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Perception of UK companion animal veterinarians on risk assessment based parasite control

Bagster, Amy; Elsheikha, Hany


Amy Bagster


Parasites can pose a risk to companion animals and potentially their owners. Current parasiticide use is possibly impacting the environment, increasing adverse reaction and resistance risk. As such parasiticides should be dispensed by the veterinary team proportional to individual risk, including owners in their approach. A mixed-methods questionnaire was designed and distributed using snowball sampling to ascertain overall awareness, observance, and attitude towards utilising a risk assessment based approach to parasite prophylaxis by UK companion animal veterinarians. 85.7% of veterinarians surveyed reported that they were aware of risk assessment based parasite control whereas only 53.9% said they utilise it always or often. Significant correlations were found between more frequent risk assessment based parasite control utilisation and increased owner involvement (P = 0.0007) and prescription confidence (P = 0.0001). Most attitudes towards adopting risk assessment based parasite control were positive. There was significant association with positive attitude and greater utilisation frequency (P = 0.0010), as well as working in corporate practice (P = 0.0126). Awareness of risk assessment based parasite control has potential to increase responsible utilisation of parasiticides by veterinarians, and therefore mitigate risks associated. Most veterinarians would like to see the profession move towards risk assessment based control use, but institutional changes are required. Further research, and education is also needed.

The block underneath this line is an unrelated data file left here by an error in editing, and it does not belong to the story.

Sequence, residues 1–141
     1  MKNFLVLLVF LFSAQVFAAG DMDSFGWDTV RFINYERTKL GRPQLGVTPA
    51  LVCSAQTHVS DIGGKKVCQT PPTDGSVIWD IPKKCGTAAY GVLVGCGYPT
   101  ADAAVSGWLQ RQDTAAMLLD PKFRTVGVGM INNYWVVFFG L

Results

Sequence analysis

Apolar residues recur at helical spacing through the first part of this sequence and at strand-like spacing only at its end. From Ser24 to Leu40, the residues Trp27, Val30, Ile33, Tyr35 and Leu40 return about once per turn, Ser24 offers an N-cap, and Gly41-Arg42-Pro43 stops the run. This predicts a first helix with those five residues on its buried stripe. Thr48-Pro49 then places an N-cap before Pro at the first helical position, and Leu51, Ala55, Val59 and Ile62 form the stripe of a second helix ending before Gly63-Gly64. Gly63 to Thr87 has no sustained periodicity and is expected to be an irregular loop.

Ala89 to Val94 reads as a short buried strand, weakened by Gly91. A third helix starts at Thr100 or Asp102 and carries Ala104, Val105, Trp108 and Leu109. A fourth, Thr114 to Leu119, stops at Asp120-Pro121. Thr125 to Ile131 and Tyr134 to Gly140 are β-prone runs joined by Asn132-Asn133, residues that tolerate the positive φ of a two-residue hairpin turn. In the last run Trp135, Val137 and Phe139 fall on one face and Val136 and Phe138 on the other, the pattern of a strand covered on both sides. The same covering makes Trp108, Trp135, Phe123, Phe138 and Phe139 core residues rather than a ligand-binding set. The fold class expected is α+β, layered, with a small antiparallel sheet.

Bagster, A., & Elsheikha, H. (2022). Perception of UK companion animal veterinarians on risk assessment based parasite control. Veterinary parasitology (Amsterdam), 34, Article 100774.

Journal Article Type Article
Acceptance Date Aug 4, 2022
Online Publication Date Aug 8, 2022
Publication Date Sep 1, 2022
Deposit Date Aug 11, 2022
Publicly Available Date Aug 12, 2022
Journal Veterinary Parasitology: Regional Studies and Reports
Print ISSN 2405-9390
Electronic ISSN 2405-9390
Peer Reviewed Peer Reviewed
Volume 34
Article Number 100774
Keywords General Veterinary; Parasitology
Public URL
Publisher URL


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